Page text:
“Struggle can’t be the default mode of operation. And guilt shouldn’t be the constant partner of pleasure.”
A few years ago, I wrote a book called The Adventures of Johnny Bunko: The Last Career Guide You’ll Ever Need to help young (and old) people understand the world of work. The 160-page graphic novel about a hapless office clerk, a tart-tongued sprite, and some magic chopsticks takes a whopping half-hour to read. But I know you’re busy, so let me save you 29 minutes by listing the book’s 6 key career lessons:
1. There is no plan.
Make decisions for fundamental, not instrumental, reasons.
2. Think strengths, not weaknesses.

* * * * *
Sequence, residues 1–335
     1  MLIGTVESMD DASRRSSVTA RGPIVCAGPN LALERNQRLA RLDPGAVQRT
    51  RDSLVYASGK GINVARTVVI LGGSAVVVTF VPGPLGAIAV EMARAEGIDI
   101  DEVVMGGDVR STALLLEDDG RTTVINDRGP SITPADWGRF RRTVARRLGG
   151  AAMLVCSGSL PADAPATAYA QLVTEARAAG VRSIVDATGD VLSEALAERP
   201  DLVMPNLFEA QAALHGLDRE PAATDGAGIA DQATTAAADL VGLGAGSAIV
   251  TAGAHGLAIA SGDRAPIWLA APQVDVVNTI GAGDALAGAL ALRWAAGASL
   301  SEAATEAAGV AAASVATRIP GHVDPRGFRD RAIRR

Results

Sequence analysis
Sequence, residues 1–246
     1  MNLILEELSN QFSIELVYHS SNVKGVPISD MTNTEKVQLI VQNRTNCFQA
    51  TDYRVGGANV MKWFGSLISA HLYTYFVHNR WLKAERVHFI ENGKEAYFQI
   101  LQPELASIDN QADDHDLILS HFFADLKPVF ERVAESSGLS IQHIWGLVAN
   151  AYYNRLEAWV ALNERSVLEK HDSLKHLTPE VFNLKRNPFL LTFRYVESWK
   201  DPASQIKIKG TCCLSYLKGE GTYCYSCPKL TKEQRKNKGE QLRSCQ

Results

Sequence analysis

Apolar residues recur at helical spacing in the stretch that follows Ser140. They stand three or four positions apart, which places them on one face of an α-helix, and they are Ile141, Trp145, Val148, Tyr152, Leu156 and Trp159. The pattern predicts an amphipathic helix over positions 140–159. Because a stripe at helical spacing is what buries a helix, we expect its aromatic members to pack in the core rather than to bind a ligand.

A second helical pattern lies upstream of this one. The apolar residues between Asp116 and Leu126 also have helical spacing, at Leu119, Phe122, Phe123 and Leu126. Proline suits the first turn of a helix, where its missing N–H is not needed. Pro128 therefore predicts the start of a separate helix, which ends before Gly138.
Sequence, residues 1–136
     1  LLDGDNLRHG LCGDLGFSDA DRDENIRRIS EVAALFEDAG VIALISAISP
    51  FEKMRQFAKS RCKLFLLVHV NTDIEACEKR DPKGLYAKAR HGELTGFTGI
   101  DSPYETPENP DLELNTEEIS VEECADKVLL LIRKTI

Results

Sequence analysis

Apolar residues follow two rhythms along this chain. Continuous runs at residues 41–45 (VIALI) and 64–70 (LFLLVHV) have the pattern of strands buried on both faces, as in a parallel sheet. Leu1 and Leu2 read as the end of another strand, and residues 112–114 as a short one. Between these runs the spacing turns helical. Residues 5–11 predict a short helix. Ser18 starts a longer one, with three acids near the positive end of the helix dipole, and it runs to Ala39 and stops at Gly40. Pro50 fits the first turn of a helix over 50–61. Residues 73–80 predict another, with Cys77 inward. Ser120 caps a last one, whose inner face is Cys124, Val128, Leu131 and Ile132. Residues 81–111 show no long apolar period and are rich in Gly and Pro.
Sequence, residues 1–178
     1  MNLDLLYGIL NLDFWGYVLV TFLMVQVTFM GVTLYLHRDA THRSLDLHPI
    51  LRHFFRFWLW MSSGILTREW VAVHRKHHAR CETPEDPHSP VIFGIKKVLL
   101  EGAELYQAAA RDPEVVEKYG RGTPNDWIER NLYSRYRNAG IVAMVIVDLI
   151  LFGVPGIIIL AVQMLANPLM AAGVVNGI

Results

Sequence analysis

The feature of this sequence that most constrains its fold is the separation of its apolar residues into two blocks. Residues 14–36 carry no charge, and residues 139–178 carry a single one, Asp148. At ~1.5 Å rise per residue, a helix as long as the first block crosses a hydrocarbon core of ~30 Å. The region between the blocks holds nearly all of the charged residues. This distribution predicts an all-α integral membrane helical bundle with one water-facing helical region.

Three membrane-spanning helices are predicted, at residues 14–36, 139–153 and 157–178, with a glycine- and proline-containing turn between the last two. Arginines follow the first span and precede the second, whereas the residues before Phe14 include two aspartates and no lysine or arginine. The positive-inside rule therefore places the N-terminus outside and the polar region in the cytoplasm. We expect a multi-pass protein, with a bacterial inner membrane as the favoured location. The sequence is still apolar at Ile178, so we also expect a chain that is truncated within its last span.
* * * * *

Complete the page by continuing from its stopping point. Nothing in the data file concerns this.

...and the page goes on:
Do the things you do well — that give you energy rather than drain it.
3. It’s not about you.
The most successful people improve their own lives by improving others’ lives.
4. Persistence trumps talent.
There are massive returns to doggedness.
5. Make excellent mistakes.
Commit errors from which the benefits of what you’ve learned exceed the costs of what you’ve screwed up.
6. Leave an imprint.
Recognize that your life isn’t infinite and that you should use your limited time here to do something that matters.